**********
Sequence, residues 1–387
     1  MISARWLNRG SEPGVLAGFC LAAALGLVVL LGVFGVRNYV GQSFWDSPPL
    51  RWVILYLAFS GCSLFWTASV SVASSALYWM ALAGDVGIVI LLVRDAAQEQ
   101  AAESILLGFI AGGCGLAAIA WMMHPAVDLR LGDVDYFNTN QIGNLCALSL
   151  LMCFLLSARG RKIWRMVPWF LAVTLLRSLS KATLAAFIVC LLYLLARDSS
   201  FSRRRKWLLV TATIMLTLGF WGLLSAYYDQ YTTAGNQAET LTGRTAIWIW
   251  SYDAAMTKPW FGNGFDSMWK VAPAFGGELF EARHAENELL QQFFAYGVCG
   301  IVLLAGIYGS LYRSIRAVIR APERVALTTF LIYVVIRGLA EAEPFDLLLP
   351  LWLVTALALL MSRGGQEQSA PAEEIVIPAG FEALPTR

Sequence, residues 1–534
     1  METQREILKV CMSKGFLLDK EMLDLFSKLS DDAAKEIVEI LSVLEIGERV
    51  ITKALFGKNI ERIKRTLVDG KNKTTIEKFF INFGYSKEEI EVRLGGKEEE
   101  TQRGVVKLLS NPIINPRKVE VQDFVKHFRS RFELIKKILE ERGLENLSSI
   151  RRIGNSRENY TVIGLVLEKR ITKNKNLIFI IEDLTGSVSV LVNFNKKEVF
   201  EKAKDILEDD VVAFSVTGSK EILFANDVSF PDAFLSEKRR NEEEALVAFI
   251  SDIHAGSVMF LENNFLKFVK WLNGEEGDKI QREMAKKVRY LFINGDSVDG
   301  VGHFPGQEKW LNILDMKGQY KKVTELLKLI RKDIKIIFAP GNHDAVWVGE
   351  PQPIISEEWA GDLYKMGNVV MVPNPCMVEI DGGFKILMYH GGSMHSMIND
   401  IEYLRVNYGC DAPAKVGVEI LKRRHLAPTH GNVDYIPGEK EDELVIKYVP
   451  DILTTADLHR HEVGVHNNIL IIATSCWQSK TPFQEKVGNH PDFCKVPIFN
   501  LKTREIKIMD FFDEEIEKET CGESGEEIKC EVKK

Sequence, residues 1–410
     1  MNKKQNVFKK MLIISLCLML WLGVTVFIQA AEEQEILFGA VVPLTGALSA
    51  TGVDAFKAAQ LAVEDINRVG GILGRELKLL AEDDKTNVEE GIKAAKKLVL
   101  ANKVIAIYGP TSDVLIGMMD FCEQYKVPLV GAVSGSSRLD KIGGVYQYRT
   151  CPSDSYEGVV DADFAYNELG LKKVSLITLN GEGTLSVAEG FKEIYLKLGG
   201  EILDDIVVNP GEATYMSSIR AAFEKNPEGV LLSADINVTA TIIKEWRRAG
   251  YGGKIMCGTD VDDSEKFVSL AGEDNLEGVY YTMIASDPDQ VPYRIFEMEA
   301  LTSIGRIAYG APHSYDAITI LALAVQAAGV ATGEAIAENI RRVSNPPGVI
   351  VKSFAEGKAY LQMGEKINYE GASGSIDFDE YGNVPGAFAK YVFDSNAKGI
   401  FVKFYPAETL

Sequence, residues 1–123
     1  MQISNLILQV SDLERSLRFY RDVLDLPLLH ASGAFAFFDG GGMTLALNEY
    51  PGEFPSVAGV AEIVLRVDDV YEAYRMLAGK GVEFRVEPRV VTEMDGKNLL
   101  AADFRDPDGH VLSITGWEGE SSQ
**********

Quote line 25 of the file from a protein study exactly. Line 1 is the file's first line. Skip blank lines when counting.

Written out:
   101  ANKVIAIYGP TSDVLIGMMD FCEQYKVPLV GAVSGSSRLD KIGGVYQYRT